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India’s government doesn’t plan to completely ban diesel and gasoline vehicles because continuously rising fuel demand has to be met by a combination of fossil fuels, biofuels, and electric vehicles, Indian Oil Minister Dharmendra Pradhan said on Tuesday.
India plans to significantly boost the use of electric vehicles in the coming years. A government policy think thank has recently suggested that banning gasoline and diesel scooters, three-wheelers, and passenger cars by 2030 would save India a lot of expenses on oil imports. India relies on imports to meet 80 percent of its oil demand, but its minister says that gasoline cars won’t be banned totally any time soon.
“EV is a priority but the incremental requirement of fuel will have to be met through a combination of BS-VI grade petrol and diesel, CNG [compressed natural gas] and biofuels alongside EV," Indian news outlet Livemint reported, quoting Pradhan as saying on the sidelines of an industry event.
Even if India doesn’t plan a total ban on fossil fuel-fired vehicles, the government will continue to push for higher EV use, aimed at cutting India’s huge oil import bill, the minister said.
“Is there any government paper that mentions that petrol and diesel vehicles will be banned from a particular date?” Pradhan asked, and added, as carried by Livemint, “India cannot afford to do that.”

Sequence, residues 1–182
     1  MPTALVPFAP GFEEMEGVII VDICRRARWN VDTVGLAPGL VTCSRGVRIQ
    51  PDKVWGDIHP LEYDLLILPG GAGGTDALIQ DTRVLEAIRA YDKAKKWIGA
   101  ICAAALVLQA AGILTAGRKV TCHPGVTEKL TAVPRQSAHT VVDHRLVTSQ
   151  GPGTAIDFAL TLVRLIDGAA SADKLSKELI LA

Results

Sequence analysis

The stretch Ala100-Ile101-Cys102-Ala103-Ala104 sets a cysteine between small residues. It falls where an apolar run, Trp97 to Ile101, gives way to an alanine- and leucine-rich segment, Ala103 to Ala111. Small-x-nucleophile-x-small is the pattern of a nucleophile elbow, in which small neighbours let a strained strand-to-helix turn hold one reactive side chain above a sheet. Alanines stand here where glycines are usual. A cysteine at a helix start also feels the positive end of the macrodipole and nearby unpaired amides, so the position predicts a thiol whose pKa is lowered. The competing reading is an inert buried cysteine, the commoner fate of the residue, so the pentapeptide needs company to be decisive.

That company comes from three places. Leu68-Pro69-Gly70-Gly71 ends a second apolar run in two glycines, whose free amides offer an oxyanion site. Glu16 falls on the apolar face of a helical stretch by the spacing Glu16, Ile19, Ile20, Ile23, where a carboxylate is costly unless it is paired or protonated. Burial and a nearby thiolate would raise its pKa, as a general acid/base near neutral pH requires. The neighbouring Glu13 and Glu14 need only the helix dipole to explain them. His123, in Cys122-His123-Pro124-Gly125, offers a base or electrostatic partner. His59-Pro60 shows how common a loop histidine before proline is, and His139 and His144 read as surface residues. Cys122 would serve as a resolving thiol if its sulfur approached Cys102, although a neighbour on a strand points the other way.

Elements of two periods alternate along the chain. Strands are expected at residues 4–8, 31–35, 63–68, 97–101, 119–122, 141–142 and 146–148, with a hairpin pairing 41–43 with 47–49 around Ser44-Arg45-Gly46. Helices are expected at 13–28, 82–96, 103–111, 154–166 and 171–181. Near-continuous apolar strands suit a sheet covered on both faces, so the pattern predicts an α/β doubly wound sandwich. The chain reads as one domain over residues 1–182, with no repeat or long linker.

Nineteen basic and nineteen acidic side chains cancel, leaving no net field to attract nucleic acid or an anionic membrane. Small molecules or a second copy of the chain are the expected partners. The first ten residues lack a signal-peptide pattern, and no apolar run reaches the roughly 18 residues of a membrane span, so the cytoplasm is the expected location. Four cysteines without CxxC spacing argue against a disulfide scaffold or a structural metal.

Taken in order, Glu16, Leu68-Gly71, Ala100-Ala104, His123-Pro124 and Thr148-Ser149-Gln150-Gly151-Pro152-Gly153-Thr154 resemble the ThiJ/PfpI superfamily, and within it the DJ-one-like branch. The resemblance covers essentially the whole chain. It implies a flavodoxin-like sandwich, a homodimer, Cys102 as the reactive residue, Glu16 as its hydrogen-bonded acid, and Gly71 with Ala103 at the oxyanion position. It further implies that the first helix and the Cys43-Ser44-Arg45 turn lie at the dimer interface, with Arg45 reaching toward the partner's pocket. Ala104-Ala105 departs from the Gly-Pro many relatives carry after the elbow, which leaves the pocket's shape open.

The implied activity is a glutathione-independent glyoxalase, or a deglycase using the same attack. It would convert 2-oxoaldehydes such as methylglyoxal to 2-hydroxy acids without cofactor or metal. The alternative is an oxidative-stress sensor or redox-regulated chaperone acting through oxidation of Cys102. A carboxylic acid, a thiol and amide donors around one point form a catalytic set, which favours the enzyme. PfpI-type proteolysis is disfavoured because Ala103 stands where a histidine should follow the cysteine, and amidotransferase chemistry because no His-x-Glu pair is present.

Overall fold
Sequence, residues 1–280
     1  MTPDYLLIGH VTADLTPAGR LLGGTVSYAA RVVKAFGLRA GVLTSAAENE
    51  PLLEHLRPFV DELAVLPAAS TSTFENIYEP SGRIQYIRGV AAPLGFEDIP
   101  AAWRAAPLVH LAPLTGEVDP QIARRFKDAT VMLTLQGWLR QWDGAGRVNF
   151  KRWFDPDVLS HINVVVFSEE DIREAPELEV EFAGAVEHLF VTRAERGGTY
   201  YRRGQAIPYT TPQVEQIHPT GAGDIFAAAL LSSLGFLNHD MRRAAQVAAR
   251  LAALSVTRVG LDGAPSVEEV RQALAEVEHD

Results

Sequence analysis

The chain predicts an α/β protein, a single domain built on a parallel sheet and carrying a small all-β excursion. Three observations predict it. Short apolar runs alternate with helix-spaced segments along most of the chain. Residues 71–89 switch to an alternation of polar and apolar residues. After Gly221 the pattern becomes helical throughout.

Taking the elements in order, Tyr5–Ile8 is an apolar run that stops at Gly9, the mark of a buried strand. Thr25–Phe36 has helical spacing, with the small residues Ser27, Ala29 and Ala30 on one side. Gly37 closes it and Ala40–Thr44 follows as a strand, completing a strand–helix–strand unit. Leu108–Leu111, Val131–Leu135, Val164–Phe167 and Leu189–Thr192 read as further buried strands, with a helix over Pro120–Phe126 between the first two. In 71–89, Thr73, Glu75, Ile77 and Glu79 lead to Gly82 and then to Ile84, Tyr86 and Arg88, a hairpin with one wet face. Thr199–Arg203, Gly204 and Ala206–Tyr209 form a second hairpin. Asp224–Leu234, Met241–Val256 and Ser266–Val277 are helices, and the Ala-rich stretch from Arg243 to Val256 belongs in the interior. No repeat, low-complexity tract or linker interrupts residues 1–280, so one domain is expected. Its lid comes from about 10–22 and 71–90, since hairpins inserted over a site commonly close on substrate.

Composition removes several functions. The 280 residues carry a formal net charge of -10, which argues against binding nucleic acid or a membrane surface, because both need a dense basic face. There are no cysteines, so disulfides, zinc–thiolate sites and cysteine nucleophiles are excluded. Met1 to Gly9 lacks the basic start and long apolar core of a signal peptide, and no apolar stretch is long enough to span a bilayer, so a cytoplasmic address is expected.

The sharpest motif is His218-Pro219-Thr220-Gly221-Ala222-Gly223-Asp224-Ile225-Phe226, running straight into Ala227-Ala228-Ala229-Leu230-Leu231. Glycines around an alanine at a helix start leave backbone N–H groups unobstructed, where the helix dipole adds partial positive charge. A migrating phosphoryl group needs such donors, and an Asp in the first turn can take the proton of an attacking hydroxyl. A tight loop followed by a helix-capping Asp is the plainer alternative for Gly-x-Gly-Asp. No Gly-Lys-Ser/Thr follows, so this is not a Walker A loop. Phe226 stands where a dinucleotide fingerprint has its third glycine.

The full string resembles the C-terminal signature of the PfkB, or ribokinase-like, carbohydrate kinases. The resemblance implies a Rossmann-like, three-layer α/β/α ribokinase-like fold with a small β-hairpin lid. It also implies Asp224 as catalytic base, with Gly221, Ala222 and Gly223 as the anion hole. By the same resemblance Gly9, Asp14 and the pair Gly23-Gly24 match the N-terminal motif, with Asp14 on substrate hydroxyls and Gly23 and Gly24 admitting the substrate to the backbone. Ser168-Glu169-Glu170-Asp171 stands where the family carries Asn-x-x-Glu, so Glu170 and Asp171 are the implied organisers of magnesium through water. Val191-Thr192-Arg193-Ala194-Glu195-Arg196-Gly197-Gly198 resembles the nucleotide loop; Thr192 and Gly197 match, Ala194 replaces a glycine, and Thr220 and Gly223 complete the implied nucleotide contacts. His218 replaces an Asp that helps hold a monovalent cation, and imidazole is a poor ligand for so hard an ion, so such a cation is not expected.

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In the fiscal year 2018/2019, India spent US$112 billion on purchasing oil, India’s government policy think-thank Niti Aayog has estimated.
A policy panel at the same organization recommended earlier this year that India ban the sale of two and three-wheelers by 2025. The panel also recommends a ban on non-electric car sales beginning in 2030 and calls for ride-hailing car services such as Uber and Lyft in India to use only EVs from 2030 onwards.
Analysts have long thought that an Indian proposal to ban non-electric cars from 2030 is an unrealistic idea because fuel demand will continue to rise with the growing population and higher incomes. Now India’s oil minister is admitting that the country can’t afford to ban all gasoline and diesel sales from 2030, despite its continued efforts to reduce reliance on oil imports and cut its oil import bill.
By Tsvetana Paraskova for Oilprice.com
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Tsvetana is a writer for Oilprice.com with over a decade of experience writing for news outlets such as iNVEZZ and SeeNews.